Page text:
The Blue Diversion Autarky toilet is a sanitation system which provides hygiene and comfort without relying on water and wastewater infrastructure. Water, urine and feces are collected separately and treated on site in specific modules. The Blue Diversion Autarky toilet recycles water for hand washing and flushing, recovers nutrients for fertilizer production and inactivates pathogens reliably. The treatment modules can be replaced, integrated in other sanitation systems or used as stand-alone units. One example is the hand washing station, which was also developed by the Blue Diversion Autarky team.
Blue Diversion Autarky was launched in the context of the “Reinvent the Toilet Challenge” funded by the Bill & Melinda Gates Foundation. The project is currently in its second project phase. Blue Diversion Autarky is the continuation of the Blue Diversion project.
The Blue Diversion Autarky toilet offers the safety and comfort of a modern flush toilet without requiring piped water or sewerage.
Pathogen inactivation, nutrient recovery and water recycling for flushing and hand washing are achieved by the separate treatment of feces, urine and water.
A modular design allows for a wide range of applications. Single modules can be used alone or combined with other technologies. One example is the stand alone hand washing station.
The Blue Diversion Autarky system is based on the separate treatment of water, urine and feces. The core process for the water treatment is a gravity-driven membrane (GDM) filtration. After post-treatment in the form of an activated carbon filter and an electrolysis unit to remove microorganisms, the same water can be reused for flushing and hand washing. Urine is pretreated to eliminate malodor and pathogens, as well as to avoid the loss of nutrients. The volume of urine is then reduced by evaporating the water. The product is a concentrate of organic and inorganic nutrients, that can be used as fertilizer. The treatment of the feces is based on hydrothermal oxidation (HTO). Using high temperature and pressure, the feces are mineralized to carbon dioxide, water and precipitated inorganic solids.
The water treatment system, referred to as Water Wall, recycles hand washing water, toilet flush water (separated from the major part of urine and feces), or both. A multi-barrier approach with four treatment stages ensures that the water is safe for reuse.
The combined biological treatment and membrane filtration without cleaning will produce a biofilm on the membrane. This effect is desirable in a gravity-driven membrane (GDM) approach, as the biofilm also contributes to the removal of organic carbon. The GDM system achieves approximately 95% removal of organic carbon.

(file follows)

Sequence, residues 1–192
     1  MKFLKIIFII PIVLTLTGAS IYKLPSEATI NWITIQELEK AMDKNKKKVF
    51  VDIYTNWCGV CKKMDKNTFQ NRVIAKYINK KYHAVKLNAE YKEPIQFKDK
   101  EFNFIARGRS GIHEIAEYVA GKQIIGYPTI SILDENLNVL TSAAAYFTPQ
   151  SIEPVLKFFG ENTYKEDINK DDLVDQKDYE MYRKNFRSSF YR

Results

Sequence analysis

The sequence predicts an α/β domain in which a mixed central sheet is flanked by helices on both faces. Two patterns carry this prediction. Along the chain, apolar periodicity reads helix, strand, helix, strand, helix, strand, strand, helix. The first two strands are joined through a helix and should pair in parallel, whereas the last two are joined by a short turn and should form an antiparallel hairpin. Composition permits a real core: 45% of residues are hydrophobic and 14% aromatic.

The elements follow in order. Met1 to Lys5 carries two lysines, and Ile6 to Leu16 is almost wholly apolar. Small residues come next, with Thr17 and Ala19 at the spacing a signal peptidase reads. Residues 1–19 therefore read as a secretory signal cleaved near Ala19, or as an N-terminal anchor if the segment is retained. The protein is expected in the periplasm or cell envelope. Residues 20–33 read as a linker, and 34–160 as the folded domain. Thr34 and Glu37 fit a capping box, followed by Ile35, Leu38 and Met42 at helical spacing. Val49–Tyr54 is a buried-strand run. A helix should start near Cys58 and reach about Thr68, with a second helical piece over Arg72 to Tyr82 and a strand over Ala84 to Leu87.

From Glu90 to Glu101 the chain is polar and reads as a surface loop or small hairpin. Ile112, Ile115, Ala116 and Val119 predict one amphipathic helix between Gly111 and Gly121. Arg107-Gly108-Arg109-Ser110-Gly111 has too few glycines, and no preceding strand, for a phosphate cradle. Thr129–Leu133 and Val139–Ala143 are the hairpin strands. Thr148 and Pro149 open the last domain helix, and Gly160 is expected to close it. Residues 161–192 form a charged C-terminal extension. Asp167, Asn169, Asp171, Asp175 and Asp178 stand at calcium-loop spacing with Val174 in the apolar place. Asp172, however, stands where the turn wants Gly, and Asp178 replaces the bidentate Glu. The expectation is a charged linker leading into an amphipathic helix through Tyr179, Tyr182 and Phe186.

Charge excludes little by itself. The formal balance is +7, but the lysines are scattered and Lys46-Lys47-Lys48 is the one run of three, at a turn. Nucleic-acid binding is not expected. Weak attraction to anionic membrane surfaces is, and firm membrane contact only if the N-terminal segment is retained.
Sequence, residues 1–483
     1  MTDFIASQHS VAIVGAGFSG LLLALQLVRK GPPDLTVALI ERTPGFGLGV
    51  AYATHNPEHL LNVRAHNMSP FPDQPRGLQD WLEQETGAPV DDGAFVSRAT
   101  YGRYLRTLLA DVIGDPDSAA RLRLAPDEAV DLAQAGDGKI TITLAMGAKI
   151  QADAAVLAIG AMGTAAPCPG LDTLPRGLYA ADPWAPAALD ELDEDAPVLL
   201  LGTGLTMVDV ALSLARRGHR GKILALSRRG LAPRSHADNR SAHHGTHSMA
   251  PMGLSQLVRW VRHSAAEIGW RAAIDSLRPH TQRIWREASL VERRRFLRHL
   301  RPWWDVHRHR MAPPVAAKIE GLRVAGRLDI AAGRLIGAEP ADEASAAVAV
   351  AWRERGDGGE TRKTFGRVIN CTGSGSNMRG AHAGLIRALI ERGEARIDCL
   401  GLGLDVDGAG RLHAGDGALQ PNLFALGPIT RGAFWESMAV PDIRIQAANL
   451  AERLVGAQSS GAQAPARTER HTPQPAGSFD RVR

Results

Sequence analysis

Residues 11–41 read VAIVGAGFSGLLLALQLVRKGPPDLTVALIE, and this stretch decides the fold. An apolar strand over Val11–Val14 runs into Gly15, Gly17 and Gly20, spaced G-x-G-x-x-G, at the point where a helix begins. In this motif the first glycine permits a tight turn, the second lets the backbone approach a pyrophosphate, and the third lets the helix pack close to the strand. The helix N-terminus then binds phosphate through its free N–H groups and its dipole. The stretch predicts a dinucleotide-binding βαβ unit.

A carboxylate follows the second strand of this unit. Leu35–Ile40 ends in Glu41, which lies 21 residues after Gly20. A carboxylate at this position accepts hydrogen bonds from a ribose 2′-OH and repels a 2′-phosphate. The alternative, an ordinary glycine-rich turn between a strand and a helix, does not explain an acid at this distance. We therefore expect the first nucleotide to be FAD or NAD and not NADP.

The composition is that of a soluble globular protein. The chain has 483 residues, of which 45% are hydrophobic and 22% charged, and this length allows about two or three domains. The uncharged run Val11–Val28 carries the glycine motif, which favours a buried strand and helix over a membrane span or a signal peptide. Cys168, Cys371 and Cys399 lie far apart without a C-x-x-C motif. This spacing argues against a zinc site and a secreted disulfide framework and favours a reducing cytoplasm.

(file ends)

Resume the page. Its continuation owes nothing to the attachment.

The filtered water is stored in a clean water tank. Additional treatment is required to limit regrowth of pathogens and potential contamination.
With this setup, we were able to develop a small series of Water Wall prototypes for treating and recycling hand washing water or toilet flush water. These prototypes were extensively tested under laboratory conditions, under which they reliably removed pathogens, nutrients, malodor, and color from recycled water. However, when moving outside the laboratory, we expect a much higher variability of the number of users, composition of the water and external conditions. This is why we are currently exposing different configurations of the Water Wall to real-life conditions.
A Water Wall as part of a complete toilet system. The biological treatment takes place in the lower tank, with the ultrafiltration membrane sitting on the bottom of the tank. The activated carbon filter and the electrolysis unit are located in the upper tank.
Two processes are necessary to treat the source-separated urine in the toilet: urine stabilization and water removal.
The main goal of the Autarky urine stabilization is the prevention of urea hydrolysis, a process converting urea to volatile ammonia and carbon dioxide. Through the addition of calcium hydroxide to fresh urine, the pH increases to values above 12 and thus prevents microbial urea hydrolysis.
Additionally, the high pH kills pathogens and prevents biological processes that produce malodor. When calcium hydroxide is added to the urine only about the amount dissolves that is needed to reach the necessary high pH value. This allows providing a depot of the reagent in the stabilization reactor; thus, no expensive and complicated dosage mechanisms are required. Moreover, calcium hydroxide, also known as hydrated lime, is a cheap reagent and readily available worldwide.